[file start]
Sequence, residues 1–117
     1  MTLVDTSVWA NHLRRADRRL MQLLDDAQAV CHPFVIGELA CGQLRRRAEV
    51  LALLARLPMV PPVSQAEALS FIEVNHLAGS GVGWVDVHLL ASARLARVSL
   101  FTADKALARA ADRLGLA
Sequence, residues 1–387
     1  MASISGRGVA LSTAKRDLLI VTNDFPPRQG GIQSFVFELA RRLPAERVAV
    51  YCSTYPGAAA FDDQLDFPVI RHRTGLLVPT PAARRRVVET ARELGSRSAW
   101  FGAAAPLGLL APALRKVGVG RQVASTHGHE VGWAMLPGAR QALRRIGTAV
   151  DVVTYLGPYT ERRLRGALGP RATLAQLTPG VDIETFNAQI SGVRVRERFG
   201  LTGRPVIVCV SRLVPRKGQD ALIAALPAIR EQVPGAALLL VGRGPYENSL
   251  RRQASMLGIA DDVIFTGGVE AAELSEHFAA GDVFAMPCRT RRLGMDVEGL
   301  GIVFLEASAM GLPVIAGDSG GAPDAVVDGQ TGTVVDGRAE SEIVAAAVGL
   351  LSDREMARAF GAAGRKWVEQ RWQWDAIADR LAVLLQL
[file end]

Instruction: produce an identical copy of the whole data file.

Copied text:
Sequence, residues 1–117
     1  MTLVDTSVWA NHLRRADRRL MQLLDDAQAV CHPFVIGELA CGQLRRRAEV
    51  LALLARLPMV PPVSQAEALS FIEVNHLAGS GVGWVDVHLL ASARLARVSL
   101  FTADKALARA ADRLGLA
Sequence, residues 1–387
     1  MASISGRGVA LSTAKRDLLI VTNDFPPRQG GIQSFVFELA RRLPAERVAV
    51  YCSTYPGAAA FDDQLDFPVI RHRTGLLVPT PAARRRVVET ARELGSRSAW
   101  FGAAAPLGLL APALRKVGVG RQVASTHGHE VGWAMLPGAR QALRRIGTAV
   151  DVVTYLGPYT ERRLRGALGP RATLAQLTPG VDIETFNAQI SGVRVRERFG
   201  LTGRPVIVCV SRLVPRKGQD ALIAALPAIR EQVPGAALLL VGRGPYENSL
   251  RRQASMLGIA DDVIFTGGVE AAELSEHFAA GDVFAMPCRT RRLGMDVEGL
   301  GIVFLEASAM GLPVIAGDSG GAPDAVVDGQ TGTVVDGRAE SEIVAAAVGL
   351  LSDREMARAF GAAGRKWVEQ RWQWDAIADR LAVLLQL